Prinicpal Dancer, The Royal Ballet
interviewed by David Bain
Bloomsbury Central Baptist Church, London, 28 September 2016
VADIM WAS BORN IN CHELYABINSK in Russia and trained at the Perm Ballet School. Both his parents, as well as his sister, are dancers. Because of this strong family connection he didn't feel that there was any defining moment that led him to take up ballet and end up being formally trained. Ballet had simply formed the background of his life and his parents still occasionally correct him. His father stopped dancing at the age of 36 and was offered a teaching job at Khanty-Mansiysk University, which is almost in Siberia. He continues to work as a Professor there, while his mother is retired so is able to visit him in London more often. His sister now has a family though she continues to dance.
From the ages of seven to nine he went to a very basic school which included a little bit of ballet, but then at nine he was sent to Perm Ballet School, packed off on an overnight train feeling very nervous and lonely. Although his sister was due to graduate from the same school she was very busy so he felt rather lost and cut off from his family. While crying quite a lot at this sense of isolation he nevertheless believes it taught him a lesson in survival which has served him well. While his very tall, typically Russian, teacher scared him, leaving him feeling very stressed before morning classes, he thinks the training he got at the school provided a very good base for his subsequent career. Apparently, there was less time devoted to ballet classes than at The Royal Ballet School. Typically, they would have around an hour and a half a day ballet class and another session devoted to character dancing. The rest of the time was spent on academic work, though he admitted that when his father came to visit and spoke to one of the academic teachers about his progress he was advised that his son would be better off sticking to ballet.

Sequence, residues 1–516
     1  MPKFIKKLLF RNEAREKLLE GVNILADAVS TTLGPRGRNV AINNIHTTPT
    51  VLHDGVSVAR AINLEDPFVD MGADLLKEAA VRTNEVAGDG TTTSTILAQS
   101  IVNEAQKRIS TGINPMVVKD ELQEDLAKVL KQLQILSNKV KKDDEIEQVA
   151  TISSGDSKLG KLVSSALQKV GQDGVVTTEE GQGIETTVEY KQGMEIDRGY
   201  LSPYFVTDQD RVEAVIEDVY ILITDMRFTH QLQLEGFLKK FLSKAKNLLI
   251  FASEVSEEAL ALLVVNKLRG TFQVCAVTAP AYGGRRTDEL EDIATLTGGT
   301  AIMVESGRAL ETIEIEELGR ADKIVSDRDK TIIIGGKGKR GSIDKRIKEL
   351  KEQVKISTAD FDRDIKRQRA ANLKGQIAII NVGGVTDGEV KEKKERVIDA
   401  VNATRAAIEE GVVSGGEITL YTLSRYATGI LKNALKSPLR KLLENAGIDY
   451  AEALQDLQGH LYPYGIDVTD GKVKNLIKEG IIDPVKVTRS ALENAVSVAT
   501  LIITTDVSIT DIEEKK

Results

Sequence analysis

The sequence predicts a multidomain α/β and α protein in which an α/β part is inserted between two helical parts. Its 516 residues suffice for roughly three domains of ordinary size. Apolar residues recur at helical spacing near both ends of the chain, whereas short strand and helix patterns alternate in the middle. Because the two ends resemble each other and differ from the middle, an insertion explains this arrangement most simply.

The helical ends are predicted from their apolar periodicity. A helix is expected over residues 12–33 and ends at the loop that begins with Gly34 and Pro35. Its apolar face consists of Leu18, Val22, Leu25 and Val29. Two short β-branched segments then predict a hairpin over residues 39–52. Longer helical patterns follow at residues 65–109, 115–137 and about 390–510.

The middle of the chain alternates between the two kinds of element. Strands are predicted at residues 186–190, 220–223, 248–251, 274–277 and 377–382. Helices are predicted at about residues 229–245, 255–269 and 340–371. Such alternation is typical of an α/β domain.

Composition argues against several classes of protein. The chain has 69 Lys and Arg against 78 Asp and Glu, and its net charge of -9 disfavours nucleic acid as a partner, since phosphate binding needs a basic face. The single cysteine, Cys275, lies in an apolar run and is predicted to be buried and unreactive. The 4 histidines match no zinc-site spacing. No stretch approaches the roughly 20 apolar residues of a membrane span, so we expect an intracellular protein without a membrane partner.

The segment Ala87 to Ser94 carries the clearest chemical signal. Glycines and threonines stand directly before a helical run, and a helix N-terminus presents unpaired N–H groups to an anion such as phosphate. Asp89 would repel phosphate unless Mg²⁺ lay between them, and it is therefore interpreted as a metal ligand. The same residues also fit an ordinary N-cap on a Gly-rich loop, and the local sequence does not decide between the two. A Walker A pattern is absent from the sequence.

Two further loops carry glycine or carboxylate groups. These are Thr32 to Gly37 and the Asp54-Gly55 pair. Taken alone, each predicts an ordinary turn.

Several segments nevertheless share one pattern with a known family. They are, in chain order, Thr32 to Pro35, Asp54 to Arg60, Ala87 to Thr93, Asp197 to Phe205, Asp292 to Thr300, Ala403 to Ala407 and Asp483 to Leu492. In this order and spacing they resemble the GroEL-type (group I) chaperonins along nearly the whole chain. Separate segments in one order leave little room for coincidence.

He was at the school for six years, the best part of which was being able to go home occasionally. It was at the age of 14 that he realised that he really liked dancing and wanted to continue with it, which coincided with his often being entered in competitions. The first was an arabesque competition with no age limit, but bearing in mind how young he was he still managed to come second. This in turn led him to the Prix de Lausanne where in 2006 he won the Silver Medal. Contestants were offered three choices of works to perform and he chose a Russian version of Coppélia that was very different from the more familiar western version, as well as Albrecht in Giselle. In spite of being the first time he had been outside Russia he was so preoccupied with the competition he didn't have time to explore anything in the town before returning to Perm with some competition money he'd been awarded. Unfortunately for him, the school took the money to compensate for what they had spent on sending him to Lausanne!
But it was there that he was spotted by the then Director of The Royal Ballet School, Gailene Stock, who in that same year (2006) offered him a three-year scholarship at the School, which he accepted. He admitted to struggling with the move with little English and far from family and friends, though in class it helped that many of the instructions were in French which was at least familiar. Gailene said that if he wanted he could skip the second year but he decided he would complete the full three years. His teachers during this period included Milas Pakri, David Peden and Gary Norman. It took him a long time to get used to the sheer pace and difference of the training compared with his Russian experience. Recalling that he was once kicked out of the class for practising by himself in a corner, now that he teaches himself he recognises just how frustrating this is for the ballet master.